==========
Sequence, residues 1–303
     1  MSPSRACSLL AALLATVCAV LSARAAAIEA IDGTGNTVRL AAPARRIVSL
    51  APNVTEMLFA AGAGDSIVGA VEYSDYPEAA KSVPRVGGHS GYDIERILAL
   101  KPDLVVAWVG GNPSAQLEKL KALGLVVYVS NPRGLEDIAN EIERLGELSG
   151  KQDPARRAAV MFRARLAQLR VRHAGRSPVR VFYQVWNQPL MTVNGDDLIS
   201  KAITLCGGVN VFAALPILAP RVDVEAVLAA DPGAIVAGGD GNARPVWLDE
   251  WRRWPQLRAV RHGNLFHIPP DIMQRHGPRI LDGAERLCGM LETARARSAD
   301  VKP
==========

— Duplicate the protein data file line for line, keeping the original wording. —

Sequence, residues 1–303
     1  MSPSRACSLL AALLATVCAV LSARAAAIEA IDGTGNTVRL AAPARRIVSL
    51  APNVTEMLFA AGAGDSIVGA VEYSDYPEAA KSVPRVGGHS GYDIERILAL
   101  KPDLVVAWVG GNPSAQLEKL KALGLVVYVS NPRGLEDIAN EIERLGELSG
   151  KQDPARRAAV MFRARLAQLR VRHAGRSPVR VFYQVWNQPL MTVNGDDLIS
   201  KAITLCGGVN VFAALPILAP RVDVEAVLAA DPGAIVAGGD GNARPVWLDE
   251  WRRWPQLRAV RHGNLFHIPP DIMQRHGPRI LDGAERLCGM LETARARSAD
   301  VKP